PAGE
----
Michael Horowitz, a longtime computer security blogger and researcher, puts it plainly—if contentiously—in a continually updated blog post. “VPNs on iOS are broken,” he says.
Any third-party VPN seems to work at first, giving the device a new IP address, DNS servers, and a tunnel for new traffic, Horowitz writes. But sessions and connections established before a VPN is activated do not terminate and, in Horowitz’s findings with advanced router logging, can still send data outside the VPN tunnel while it’s active.
In other words, you might expect a VPN client to kill existing connections before establishing a secure connection so they can be reestablished inside the tunnel. But iOS VPNs can’t seem to do this, Horowitz says, a finding that is backed up by a similar report from May 2020.
“Data leaves the iOS device outside of the VPN tunnel,” Horowitz writes. “This is not a classic/legacy DNS leak, it is a data leak. I confirmed this using multiple types of VPN and software from multiple VPN providers. The latest version of iOS that I tested with is 15.6.”
Privacy company Proton previously reported an iOS VPN bypass vulnerability that started at least in iOS 13.3.1. Like Horowitz’s post, ProtonVPN’s blog noted that a VPN typically closes all existing connections and reopens them inside a VPN tunnel, but that didn’t happen on iOS. Most existing connections will eventually end up inside the tunnel, but some, like Apple’s push notification service, can last for hours.
The primary issue with non-tunneled connections persisting is that they could be unencrypted and that the IP address of the user and what they’re connecting to can be seen by ISPs and other parties. “Those at highest risk because of this security flaw are people in countries where surveillance and civil rights abuses are common,” ProtonVPN wrote at the time. That might not be a pressing concern for typical VPN users, but it’s notable.
ProtonVPN confirmed that the VPN bypass persisted in three subsequent updates to iOS 13. ProtonVPN indicated in its blog post that Apple would add functionality to block existing connections, but this functionality as added did not appear to make a difference in Horowitz’s results.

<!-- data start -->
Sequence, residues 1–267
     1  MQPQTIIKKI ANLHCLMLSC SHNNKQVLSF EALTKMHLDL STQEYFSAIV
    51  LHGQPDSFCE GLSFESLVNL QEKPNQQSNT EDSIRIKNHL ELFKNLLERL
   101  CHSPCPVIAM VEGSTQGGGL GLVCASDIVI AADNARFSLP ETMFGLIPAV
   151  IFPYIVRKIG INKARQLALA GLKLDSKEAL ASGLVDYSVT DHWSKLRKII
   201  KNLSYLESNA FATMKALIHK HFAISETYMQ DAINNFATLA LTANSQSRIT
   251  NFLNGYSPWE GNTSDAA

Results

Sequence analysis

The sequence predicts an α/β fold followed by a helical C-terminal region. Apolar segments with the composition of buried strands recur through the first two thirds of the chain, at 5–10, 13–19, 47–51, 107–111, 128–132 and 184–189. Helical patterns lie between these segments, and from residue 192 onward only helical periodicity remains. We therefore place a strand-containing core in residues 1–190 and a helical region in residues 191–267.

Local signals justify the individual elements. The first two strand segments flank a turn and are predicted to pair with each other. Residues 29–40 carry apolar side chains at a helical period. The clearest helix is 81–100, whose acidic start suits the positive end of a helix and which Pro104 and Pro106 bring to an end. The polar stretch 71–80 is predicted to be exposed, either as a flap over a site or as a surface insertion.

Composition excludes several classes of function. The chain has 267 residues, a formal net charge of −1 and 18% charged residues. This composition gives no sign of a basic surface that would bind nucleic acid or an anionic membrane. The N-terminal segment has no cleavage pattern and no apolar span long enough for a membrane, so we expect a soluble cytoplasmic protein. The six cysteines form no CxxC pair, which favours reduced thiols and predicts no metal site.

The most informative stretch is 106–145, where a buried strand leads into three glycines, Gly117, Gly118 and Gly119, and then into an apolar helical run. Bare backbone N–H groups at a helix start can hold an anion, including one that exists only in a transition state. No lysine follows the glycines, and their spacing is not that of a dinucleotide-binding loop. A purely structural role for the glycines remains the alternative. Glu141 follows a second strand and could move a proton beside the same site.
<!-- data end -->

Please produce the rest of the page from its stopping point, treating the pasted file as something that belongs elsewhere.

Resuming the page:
Horowitz tested ProtonVPN’s app in mid-2022 on an iPad iOS 15.4.1 and found that it still allowed persistent, non-tunneled connections to Apple’s push service. The Kill Switch function added to ProtonVPN, which describes its function as blocking all network traffic if the VPN tunnel is lost, did not prevent leaks, according to Horowitz.
Horowitz tested again on iOS 15.5 with a different VPN provider and iOS app (OVPN, running the WireGuard protocol). His iPad continued to make requests to both Apple services and to Amazon Web Services.
ProtonVPN had suggested a workaround that was “almost as effective” as manually closing all connections when starting a VPN: Connect to a VPN server, turn on airplane mode, then turn it off. “Your other connections should also reconnect inside the VPN tunnel, though we cannot guarantee this 100%,” ProtonVPN wrote. Horowitz suggests that iOS’s Airplane Mode functions are so confusing as to make this a non-answer.
Ars Technica reached out to both Apple and OpenVPN for comment and will update this article with any responses.
Horowitz’s post doesn’t offer specifics on how iOS might fix the issue. He also doesn’t address VPNs that offer “split tunneling,” focusing instead on the promise of a VPN capturing all network traffic. For his part, Horowitz recommends a $130 dedicated VPN router as a truly secure VPN solution.
VPNs, especially commercial offerings, continue to be a complicated piece of internet security and privacy. Picking a “best VPN” has long been a challenge. VPNs can be brought down by vulnerabilities, unencrypted servers, greedy data brokersor by being owned by Facebook.
This story originally appeared on Ars Technica.